I don’t doubt that there are many people that have F2 printers that are working without any problems, in fact I’m pretty sure the trouble free F2’s outnumber the problematic ones.

But there are enough posts from people with F2 issues caused by either the sensors, stuck valves, heaters and wipers that cannot be ignored. We’re not talking about the isolated freak incident, we’re taking about enough reports as to make one think twice.

While I agree that a part that fails usually ends up as a thin spot of cured resin at the bottom of the tank, There are times when a part gets stuck to the PDMS and tears itself from the supports, Or the whole model has become completely detached from the build platform and fallen into the vat. So you now have an obstacle in front of the wiper, which is probably what happened in the instance above.

It only takes one of these incidents, and having to deal with the messy clean up, to make you rethink the use of the wiper, without some sort of fail safe.

I agree, If the obstacle the wiper encountered was big enough to stop it, it will probably be big enough to prevent a successful print, so stopping the print is a good idea.


#27

This is the most scary thing about the Form 2 honestly. I know quite a few people some of which are professionals who use their 3D printers almost everyday none stop to produce their “products”. I believe the wiper problem is the biggest issue since it causes not only a single problem or a simple print failure, it causes total machine explosion.


#28

I agree that the wiper needs some kind of fail safe. I had a dental model drop off the build platform, and the print job kept going. Apparently the wiper kept hitting the dislodged model, sloshing resin all over the place. It was a MASSIVE clean up project, and it took hours to get up and running again.


#29

That’s not even closely the only parameters it affects. The laser strength and exposure time is, actually, the most important bit. There are other things it does, however.

Different resins also get slightly different infill vs. perimeter exposures, different exposure strategies for outside surfaces (especially top and bottom), and the peel strategy changes as well.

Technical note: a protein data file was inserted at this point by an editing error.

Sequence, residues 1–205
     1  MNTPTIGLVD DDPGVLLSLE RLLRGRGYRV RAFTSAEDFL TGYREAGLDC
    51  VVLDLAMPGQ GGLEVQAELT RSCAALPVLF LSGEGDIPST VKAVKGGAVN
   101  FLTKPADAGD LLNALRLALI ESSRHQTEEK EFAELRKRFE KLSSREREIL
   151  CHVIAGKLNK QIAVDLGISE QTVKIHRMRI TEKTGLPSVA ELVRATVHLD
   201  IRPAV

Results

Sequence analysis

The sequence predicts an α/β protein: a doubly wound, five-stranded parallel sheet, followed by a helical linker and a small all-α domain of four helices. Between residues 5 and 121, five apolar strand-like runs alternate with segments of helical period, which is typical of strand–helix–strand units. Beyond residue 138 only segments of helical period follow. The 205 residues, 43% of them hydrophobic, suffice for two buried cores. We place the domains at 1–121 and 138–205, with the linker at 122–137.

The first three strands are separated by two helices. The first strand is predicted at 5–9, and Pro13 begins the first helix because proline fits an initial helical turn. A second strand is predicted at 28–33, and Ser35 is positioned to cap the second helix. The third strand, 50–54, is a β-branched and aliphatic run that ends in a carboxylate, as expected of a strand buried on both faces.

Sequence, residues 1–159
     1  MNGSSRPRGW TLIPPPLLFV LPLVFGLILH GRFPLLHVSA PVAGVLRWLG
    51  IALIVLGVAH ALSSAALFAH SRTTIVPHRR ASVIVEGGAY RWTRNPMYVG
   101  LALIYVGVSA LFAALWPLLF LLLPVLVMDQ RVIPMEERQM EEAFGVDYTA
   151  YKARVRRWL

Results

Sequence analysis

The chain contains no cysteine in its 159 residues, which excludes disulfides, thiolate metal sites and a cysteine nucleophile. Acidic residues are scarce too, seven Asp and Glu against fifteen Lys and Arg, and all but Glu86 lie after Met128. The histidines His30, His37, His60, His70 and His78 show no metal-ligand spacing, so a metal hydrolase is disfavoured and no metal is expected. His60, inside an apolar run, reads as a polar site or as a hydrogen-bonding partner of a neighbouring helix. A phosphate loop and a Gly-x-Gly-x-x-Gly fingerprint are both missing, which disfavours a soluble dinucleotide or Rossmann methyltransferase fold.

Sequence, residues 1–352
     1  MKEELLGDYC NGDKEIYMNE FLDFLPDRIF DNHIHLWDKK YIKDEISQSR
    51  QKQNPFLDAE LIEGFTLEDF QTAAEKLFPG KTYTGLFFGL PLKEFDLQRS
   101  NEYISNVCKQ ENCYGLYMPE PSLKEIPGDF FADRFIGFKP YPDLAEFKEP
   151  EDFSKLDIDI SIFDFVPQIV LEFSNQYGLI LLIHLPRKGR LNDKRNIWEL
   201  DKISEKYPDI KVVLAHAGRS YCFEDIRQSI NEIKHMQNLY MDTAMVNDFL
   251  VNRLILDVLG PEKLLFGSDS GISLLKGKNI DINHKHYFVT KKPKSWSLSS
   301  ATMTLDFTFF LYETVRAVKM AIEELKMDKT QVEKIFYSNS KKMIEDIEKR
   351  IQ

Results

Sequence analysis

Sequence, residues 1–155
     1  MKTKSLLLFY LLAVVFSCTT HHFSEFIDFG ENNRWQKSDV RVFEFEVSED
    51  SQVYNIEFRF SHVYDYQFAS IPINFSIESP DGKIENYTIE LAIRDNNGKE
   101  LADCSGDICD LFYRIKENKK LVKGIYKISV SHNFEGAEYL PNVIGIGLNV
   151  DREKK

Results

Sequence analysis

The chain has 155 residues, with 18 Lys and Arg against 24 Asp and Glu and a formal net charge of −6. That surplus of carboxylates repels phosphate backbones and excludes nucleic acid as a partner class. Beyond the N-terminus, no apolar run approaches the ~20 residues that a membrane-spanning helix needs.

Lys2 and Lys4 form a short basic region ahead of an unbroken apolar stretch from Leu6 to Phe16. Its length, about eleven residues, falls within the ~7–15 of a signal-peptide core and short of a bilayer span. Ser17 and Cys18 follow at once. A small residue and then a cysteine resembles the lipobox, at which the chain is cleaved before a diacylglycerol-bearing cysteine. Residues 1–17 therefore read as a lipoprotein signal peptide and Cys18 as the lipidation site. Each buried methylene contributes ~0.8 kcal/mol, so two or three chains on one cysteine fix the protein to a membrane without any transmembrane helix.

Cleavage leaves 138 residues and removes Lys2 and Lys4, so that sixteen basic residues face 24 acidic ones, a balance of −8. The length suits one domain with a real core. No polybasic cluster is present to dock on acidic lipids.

There’s a reason for those presets, as well as the updates they get every now and then. Slicing for SLA isn’t nearly as simple as you might think, if you want good, consistent results. Take it from someone who’s spent a summer (years ago) messing with a g-code post-processor and modifying marlin firmware in order to get somewhat acceptable results from a DIY SLA printer.


#30

Just wondering in regards to open mode. If I switch to open mode meaning manually pouring the resin (Form Grey v4) in the tank from the cartridge, how will the printer recognise resin is missing from the cartridge if I switch to normal mode? Does this confuse it into thinking more resin is in the cartridge when there isn’t?

Also since it’s not using the wiper, is it wiser to pour in resin above the threshold line? So it’s less likely to run out if I was to do a 7 hour print?


#31

Yes it will think there is more resin in the cartridge than there actually is.

It has not advantage to fill above the line. The printer will stop after 100ml anyways(drawback of open mode) and the tank itself holds 200ml.


#32

Ok thanks for the info :slight_smile:


#33

Would be good if there was a way to input the resin reduction in the cartridge details. I don’t suppose there’s any way to do that?


#34

Nope, you can’t.


#35

ah that’s a shame.

I just printed a 6 hour head in open mode and it doesn’t look good. Lots of fine horizontal lines and lost details. I printed the same head normally a week ago and it was fine. Not sure if it is open mode or if the tank was just bad in that area as I printed them in different positions.